Increasing the intensity of the flight of the UAV, the United States faced a shortage of operators
In the next few years, the US Department of Defense intends to significantly increase the number of daily sorties of unmanned aerial vehicles (UAVs) over conflict zones around the world. In this case, for the first time, the Pentagon intends to connect other types of armed forces to the accomplishment of these tasks, in addition to the Air Force.
Ministry of Defense plans mean high-level recognition of the fact that the park is unmanned aviation the air force can no longer satisfy the wide demand of the armed forces for combat air patrols performed by drones, mainly due to a serious shortage of UAV operators.
Many eyes of "Big Brother"
“The demand exceeds the supply in this kind of activity,” declared the official representative of the US Department of Defense, Navy Captain Jeff Davis. “We see a stable signal of demand from all military leaders who are in charge of our geographical command.” According to him, by the year 2019, the intensity of UAV flights will increase by about 50 percent: from the current 60 – 65 to 90 per day. At the same time, the air force unmanned fleet will continue to provide the current level of daily departures for combat patrols in 60. The ground forces are responsible for carrying out 10 – 20 daily sorties, while the US Special Operations Command is responsible for the remaining 10. Additionally, 10 daily departures will provide operators for the contract. The UAVs they control will not carry airborne weapons.
The Pentagon plans to increase the intensity of the use of the growing MQ-1C Gray Eagle fleet of the US Army, which is a modernized version of the Predator air force. Meanwhile, such an important task is put before the NE at the moment when the budget sequestration forces a reduction in the army.
The Navy does not have a substantial fleet of large reconnaissance UAVs. MQ-4C Designed for fleet under the program for monitoring marine areas, it will enter service no earlier than 2017.
In connection with the completion of the US mission in Afghanistan, the Ministry of Defense last year tried to reduce the intensity of daily patrols, which averaged 55 sorties carried out with the help of air force operators. But after the Islamic State militants conquered a significant part of Iraq, the need for drones increased dramatically and the United States began daily to perform the tasks of observing, intelligence and collecting information about Iraq and Syria.
The agreed plans will require more specialists. Consideration should be given to ensuring an appropriate budget, personnel, training and equipment for the armed forces, Davis noted. In particular, a large daily flight intensity implies an increase in the amount of intelligence collected, and this means an increase in the number of experts involved in its analysis.
Meanwhile, the US Air Force is now solving the difficult task of preserving the operators of its unmanned aircraft fleet. The main reasons for layoffs are long working hours due to global demand, attractive alternatives in the private sector and long-standing complaints that the Air Force treats operators as secondary personnel in comparison with pilots of manned aircraft that dominate the leadership of this type of aircraft. As one of the measures designed to preserve personnel, it is proposed to save a bonus in the amount of 135 thousand dollars for redeemed operators MQ-1 “Predator” and MQ-9 “Reaper”.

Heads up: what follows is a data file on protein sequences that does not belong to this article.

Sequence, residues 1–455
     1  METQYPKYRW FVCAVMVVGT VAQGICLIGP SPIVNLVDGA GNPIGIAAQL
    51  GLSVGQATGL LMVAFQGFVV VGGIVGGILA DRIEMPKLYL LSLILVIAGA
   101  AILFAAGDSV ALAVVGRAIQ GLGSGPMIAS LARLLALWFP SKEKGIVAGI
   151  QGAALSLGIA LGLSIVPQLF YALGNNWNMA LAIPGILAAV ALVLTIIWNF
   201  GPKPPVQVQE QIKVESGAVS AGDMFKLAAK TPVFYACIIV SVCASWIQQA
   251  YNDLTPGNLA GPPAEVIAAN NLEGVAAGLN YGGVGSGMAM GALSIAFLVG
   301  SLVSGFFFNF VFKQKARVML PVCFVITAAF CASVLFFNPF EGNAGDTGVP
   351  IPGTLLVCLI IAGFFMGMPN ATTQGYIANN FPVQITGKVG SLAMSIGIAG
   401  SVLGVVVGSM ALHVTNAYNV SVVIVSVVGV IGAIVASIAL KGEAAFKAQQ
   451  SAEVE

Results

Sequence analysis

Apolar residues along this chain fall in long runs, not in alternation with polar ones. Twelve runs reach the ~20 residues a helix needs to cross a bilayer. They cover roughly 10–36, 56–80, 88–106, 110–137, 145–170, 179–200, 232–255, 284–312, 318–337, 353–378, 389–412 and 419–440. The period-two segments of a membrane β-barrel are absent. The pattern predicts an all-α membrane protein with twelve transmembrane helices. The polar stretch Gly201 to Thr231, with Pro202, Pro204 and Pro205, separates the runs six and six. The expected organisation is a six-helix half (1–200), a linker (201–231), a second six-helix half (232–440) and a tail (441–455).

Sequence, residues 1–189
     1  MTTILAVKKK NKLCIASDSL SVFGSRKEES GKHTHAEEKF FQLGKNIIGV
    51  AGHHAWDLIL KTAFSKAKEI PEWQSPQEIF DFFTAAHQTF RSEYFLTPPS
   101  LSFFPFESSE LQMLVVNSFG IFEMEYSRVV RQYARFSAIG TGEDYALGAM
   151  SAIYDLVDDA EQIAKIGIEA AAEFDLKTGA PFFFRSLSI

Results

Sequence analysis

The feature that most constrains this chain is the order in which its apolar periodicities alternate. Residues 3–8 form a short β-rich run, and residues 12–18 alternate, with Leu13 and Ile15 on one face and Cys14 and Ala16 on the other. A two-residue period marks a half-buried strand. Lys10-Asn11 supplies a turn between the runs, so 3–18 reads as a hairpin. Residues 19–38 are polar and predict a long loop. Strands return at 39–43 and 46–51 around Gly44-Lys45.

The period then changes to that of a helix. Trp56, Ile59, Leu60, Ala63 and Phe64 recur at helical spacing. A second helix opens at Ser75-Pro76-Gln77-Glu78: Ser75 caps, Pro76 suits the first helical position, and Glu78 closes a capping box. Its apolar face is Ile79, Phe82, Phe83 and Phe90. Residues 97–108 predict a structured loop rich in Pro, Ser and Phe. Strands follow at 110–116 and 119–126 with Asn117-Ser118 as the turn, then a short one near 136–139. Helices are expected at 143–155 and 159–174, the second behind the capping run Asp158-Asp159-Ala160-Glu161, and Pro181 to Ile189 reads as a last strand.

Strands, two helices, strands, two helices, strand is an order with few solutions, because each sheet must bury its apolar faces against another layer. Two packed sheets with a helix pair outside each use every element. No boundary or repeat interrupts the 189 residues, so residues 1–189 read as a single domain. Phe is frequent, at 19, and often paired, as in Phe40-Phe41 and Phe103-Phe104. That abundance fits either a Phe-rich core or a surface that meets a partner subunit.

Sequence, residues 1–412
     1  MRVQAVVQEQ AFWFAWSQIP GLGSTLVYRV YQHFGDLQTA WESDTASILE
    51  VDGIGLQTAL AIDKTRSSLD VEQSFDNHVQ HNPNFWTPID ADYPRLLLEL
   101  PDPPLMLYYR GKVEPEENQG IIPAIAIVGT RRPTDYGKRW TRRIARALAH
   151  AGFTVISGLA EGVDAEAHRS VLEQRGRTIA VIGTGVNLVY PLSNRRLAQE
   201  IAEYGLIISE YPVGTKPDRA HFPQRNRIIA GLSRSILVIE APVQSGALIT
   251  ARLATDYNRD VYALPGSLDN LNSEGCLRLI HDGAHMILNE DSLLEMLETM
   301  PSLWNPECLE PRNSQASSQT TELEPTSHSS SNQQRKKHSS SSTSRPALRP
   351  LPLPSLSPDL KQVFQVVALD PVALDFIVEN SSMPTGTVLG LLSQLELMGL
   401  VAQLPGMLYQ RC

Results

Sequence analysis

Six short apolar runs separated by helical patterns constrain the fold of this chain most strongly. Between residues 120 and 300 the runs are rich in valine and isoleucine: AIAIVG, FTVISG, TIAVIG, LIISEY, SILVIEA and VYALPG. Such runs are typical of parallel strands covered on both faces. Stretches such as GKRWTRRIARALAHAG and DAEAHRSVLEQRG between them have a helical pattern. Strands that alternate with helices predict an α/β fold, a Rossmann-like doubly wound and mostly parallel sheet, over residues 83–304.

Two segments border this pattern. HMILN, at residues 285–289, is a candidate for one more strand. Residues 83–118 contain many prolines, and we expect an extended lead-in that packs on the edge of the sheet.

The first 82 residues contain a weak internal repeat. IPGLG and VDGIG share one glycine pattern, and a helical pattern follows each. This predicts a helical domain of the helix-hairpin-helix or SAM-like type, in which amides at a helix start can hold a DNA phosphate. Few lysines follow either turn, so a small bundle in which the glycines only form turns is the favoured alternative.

According to estimates by the Air Force, they need an annual replenishment of the order of 300 drone operators to effectively accomplish the task. However, the existing training opportunities allow only about 180 troops to be trained.
According to a recent report by the US General Audit Office in March this year, the Air Force had an 83 percent of the required number of UAV operators. The report also noted that only 35 percent of UAV operators required to complete all missions were prepared. US drones are used in the fight against militants in Syria and Iraq, in the conflict in Afghanistan, against extremist groups such as Al-Shabab in Somalia, to gather intelligence in the Pacific region.
Unmanned Aviation System (BAS) MQ-1 / RQ-1 "Predator", which is in service with the US Air Force, developed by General Atomiks Aeroonautical Systems (General Atomics Aeronautical Systems). Each such system includes four medium-height UAVs of the MALE type (medium-altitude, long-endurance) “Predator”, a ground control system and the main satellite communication system PPSL (Predator Primary Satellite Link). To deploy the system, it is loaded into a container, which is delivered to the place of deployment on a transport aircraft of the C-130 Hercules dimensions. In the 2009 year, the cost of one Predate BAS was 20 million dollars. The device is controlled by a crew comprising a highly qualified pilot and an operator of payload systems. A team of specialists ensures readiness for departure at the right moment.
Although initially the Predate BAS was developed for reconnaissance missions, it is also capable of performing impact tasks. Therefore, at first, the device was designated RQ-1, where R (reconnaissance) means reconnaissance, and Q - remote-controlled. In the following designation MQ-1, the letter M (multirole) means multi-purpose. It appeared in 2002 after equipping the Predator with AGM-114 Hellfire guided missiles. "Predator" was the first in the world of UAVs used for percussion operations.